The WaPo has an update on the Administration’s debate about whether to push for legislation for back doors. It reports that the Obama Administration decided to punt — and not ask for legislation right now while continuing efforts to cajole companies to back door their own products. WaPo even provided the date that decision was made: October 1.
“The administration has decided not to seek a legislative remedy now, but it makes sense to continue the conversations with industry,” FBI Director James Comey said at a Senate hearing Thursday of the Homeland Security and Governmental Affairs Committee.
The decision, which essentially maintains the status quo, underscores the bind the administration is in — between resolving competing pressures to help law enforcement and protecting consumer privacy.
The decision was made at a Cabinet meeting Oct. 1.
“As the president has said, the United States will work to ensure that malicious actors can be held to account – without weakening our commitment to strong encryption,” National Security Council spokesman Mark Stroh said. “As part of those efforts, we are actively engaged with private companies to ensure they understand the public safety and national security risks that result from malicious actors’ use of their encrypted products and services.”
Apple CEO Tim Cook said he doesn’t think we will hear the U.S. National Security Agency asking for a back door into our iPhones, at least not any more. In an interview on NPR’s All Things Consideredon Thursday, Mr. Cook implied that even the FBI is coming around on the need for end-user encryption.
The intelligence community has asked for a back door. They want access into the communications that are going through Apple’s devices. No?
Tim Cook: I don’t think you will hear the [National Security Agency] asking for a back door.
Robert Siegel: The FBI?
Tim Cook: There have been different conversations with the FBI, I think, over time. And I’ve read in the newspapers myself. But my own view is everyone’s coming around to some core tenets. And those core tenets are that encryption is a must in today’s world. And I think everyone is coming around also to recognizing that any back door means a back door for bad guys as well as good guys. And so a back door is a nonstarter. It means we’re all not safe.
When I first read this interview, I was struck by Cook’s certainty about the NSA, compared to his uncertainty about FBI. I wondered at the time whether that certainty meant that the rumored FISC request for a back door was ultimately rejected, which would close off the possibility for NSA for the moment(that would affect FBI, too, but only part of FBI’s requests).
Given the coincidence of these two events — Cook’s stated certainty and the cabinet decision not to pursue back doors right now — I’m all the more curious.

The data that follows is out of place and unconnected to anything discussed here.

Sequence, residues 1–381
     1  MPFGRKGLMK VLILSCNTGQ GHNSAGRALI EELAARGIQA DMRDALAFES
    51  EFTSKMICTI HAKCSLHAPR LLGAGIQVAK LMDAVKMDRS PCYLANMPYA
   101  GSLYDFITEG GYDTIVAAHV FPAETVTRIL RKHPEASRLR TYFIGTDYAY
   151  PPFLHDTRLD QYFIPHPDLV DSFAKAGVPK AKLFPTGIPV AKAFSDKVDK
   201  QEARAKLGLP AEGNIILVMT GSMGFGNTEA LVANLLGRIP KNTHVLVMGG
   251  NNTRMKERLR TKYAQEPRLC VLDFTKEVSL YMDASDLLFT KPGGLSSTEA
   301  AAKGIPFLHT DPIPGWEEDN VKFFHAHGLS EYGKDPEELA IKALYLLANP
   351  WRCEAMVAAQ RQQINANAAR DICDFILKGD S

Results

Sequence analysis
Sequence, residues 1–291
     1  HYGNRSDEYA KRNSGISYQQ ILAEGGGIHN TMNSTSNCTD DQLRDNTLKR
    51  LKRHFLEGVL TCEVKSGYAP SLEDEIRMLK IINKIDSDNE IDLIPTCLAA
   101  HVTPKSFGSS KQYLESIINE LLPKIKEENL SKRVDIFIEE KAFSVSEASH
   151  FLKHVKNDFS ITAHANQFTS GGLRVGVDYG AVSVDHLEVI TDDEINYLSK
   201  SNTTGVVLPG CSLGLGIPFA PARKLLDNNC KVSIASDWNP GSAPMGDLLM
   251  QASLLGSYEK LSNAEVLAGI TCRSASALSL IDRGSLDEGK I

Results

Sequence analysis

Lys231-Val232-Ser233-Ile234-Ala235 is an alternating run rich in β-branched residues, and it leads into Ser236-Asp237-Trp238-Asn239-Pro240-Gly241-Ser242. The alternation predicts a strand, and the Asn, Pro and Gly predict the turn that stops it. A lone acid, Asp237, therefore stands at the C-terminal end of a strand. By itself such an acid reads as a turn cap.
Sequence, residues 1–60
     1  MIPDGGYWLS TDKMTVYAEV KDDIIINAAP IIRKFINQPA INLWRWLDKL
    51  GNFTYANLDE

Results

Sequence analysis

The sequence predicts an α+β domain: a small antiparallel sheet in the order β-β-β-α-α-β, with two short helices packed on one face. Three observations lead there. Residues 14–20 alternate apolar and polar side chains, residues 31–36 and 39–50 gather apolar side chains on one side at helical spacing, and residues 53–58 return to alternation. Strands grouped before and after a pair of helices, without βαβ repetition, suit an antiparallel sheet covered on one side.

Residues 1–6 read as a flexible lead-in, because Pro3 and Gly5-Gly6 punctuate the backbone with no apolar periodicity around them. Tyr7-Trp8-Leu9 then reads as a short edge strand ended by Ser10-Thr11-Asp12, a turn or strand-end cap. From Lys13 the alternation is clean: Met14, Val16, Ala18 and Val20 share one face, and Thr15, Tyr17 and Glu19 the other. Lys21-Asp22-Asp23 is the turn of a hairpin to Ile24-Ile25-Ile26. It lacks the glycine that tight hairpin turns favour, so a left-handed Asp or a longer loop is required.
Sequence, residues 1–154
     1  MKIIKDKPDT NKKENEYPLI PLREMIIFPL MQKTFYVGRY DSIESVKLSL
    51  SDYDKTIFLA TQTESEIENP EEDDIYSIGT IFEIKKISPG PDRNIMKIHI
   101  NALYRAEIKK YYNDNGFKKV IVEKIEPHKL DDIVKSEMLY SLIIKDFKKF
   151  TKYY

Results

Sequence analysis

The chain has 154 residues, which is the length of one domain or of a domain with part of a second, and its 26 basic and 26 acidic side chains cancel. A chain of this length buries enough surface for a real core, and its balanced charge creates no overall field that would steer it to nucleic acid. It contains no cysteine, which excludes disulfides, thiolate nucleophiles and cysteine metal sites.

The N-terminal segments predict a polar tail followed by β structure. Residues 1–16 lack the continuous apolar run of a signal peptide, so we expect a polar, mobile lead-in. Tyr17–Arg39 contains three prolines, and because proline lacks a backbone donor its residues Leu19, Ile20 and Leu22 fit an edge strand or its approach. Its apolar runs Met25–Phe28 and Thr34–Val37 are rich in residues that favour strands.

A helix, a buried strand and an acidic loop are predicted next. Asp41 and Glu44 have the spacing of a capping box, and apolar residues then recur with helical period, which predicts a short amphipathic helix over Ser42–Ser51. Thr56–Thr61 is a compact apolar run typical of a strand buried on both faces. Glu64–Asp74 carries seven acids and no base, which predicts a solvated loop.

Has FISC secretly told the government it can’t force Apple to back door its products?
During the July 1 Senate Judiciary Committee hearing on back doors, Deputy Attorney General Sally Yates claimed that the government doesn’t want the government to have back doors into encrypted communications. Rather, they wanted corporations to retain the back doors to be able to access communications if the government had legal process to do so. (After 1:43.)
We’re not going to ask the companies for any keys to the data. Instead, what we’re going to ask is that the companies have an ability to access it and then with lawful process we be able to get the information. That’s very different from what some other countries — other repressive regimes — from the way that they’re trying to get access to the information.
The claim was bizarre enough, especially as she went on to talk about other countries not having the same lawful process we have (as if that makes a difference to software code).
More importantly, that’s not true.
Remember what happened with Lavabit, when the FBI was in search of what is presumed to be Edward Snowden’s email. Lavabit owner Ladar Levison had a discussion with FBI about whether it was technically feasible to put a pen register on the targeted account. After which the FBI got a court order to do it. Levison tried to get the government to let him write a script that would provide them access to just the targeted account or, barring that, provide for some kind of audit to ensure the government wasn’t obtaining other customer data.
The unsealed documents describe a meeting on June 28th between the F.B.I. and Levison at Levison’s home in Dallas. There, according to the documents, Levison told the F.B.I. that he would not comply with the pen-register order and wanted to speak to an attorney. As the U.S. Attorney for the Eastern District of Virginia, Neil MacBride, described it, “It was unclear whether Mr. Levison would not comply with the order because it was technically not feasible or difficult, or because it was not consistent with his business practice in providing secure, encrypted e-mail service for his customers.” The meeting must have gone poorly for the F.B.I. because McBride filed a motion to compel Lavabit to comply with the pen-register and trap-and-trace order that very same day.
Magistrate Judge Theresa Carroll Buchanan granted the motion, inserting in her own handwriting that Lavabit was subject to “the possibility of criminal contempt of Court” if it failed to comply. When Levison didn’t comply, the government issued a summons, “United States of America v. Ladar Levison,” ordering him to explain himself on July 16th. The newly unsealed documents reveal tense talks between Levison and the F.B.I. in July. Levison wanted additional assurances that any device installed in the Lavabit system would capture only narrowly targeted data, and no more. He refused to provide real-time access to Lavabit data; he refused to go to court unless the government paid for his travel; and he refused to work with the F.B.I.’s technology unless the government paid him for “developmental time and equipment.” He instead offered to write an intercept code for the account’s metadata—for thirty-five hundred dollars. He asked Judge Hilton whether there could be “some sort of external audit” to make sure that the government did not take additional data. (The government plan did not include any oversight to which Levison would have access, he said.)